Thousands of funeral directors across Britain are at increased risk of falling fatally ill due to the toxic effects of formaldehyde used to embalm bodies, according to a new study.
The chemical, a known carcinogen, is linked to cases of amyotrophic lateral sclerosis (ALS), commonly known as motor neurone disease (MND), in research published in the Journal of Neurology Neurosurgery & Psychiatry.
Funeral directors are three times more likely to die from the incurable brain disease, which leads to paralysis and is fatal, say researchers. Formaldehyde interferes with proteins in the brain, increases “mitochondrial membrane permeability and causes oxidative damage,” they state.
The team of experts, from Harvard Medical School, US Census Bureau, Harvard School of Public Health, and Massachusetts General Hospital, Boston, analysed data from the US National Longitudinal Mortality Study.
They found that men in jobs with “high probability of exposure versus no formaldehyde exposure had almost three times greater rate of ALS mortality...All men with high-probability, high-intensity exposure were funeral directors.” Researchers did not find an increased risk in women, partly because of a small sample of less than 100 in such jobs and also because female undertakers are less likely to embalm bodies.
“Our results should be interpreted cautiously. Jobs involving both high probability and high intensity of formaldehyde are relatively uncommon in the USA, and ALS is also rare; there were only two ALS deaths among men in such jobs,” says the paper. Further study of the link between the disease and exposure of undertakers to formaldehyde is warranted, it concludes.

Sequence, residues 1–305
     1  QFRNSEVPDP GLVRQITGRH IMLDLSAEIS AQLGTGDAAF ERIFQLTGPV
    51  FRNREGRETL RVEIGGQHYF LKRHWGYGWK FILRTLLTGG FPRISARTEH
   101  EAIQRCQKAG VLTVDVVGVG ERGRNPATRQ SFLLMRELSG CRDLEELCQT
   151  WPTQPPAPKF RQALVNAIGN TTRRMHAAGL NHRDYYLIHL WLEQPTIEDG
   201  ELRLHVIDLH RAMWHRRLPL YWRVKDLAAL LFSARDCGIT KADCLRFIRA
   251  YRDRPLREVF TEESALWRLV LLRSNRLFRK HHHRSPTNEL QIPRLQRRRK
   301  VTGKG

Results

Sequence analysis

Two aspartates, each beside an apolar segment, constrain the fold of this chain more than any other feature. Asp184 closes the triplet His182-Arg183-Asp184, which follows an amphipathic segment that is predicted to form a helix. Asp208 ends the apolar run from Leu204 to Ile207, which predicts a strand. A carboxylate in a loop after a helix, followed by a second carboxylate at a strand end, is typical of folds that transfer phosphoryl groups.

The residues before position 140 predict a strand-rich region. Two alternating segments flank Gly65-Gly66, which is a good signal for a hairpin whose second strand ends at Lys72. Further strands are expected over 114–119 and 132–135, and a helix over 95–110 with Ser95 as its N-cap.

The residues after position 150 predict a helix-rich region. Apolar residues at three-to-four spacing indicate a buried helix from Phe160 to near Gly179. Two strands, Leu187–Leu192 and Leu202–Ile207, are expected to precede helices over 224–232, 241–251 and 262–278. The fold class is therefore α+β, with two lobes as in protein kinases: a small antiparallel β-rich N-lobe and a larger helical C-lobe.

Responding to the findings, Dr Belinda Cupid, head of research, the Motor Neurone Disease Association, said: “This is the first time that formaldehyde has been identified as a possible cause of MND and further study is required to confirm the results published today.”
And Dr Hilary Jones, ambassador for the National Federation of Funeral Directors, said: “This observational study does not prove any causal link between formaldehyde and ALS. Whilst high probability of exposure seemed to increase the risk the numbers involved are too small to reach any significant conclusion.” But he added: “In view of experimental research linking formaldehyde with nerve damage further work should be conducted on a larger scale to probe further into whether this could be an occupational hazard or not.”Reuse content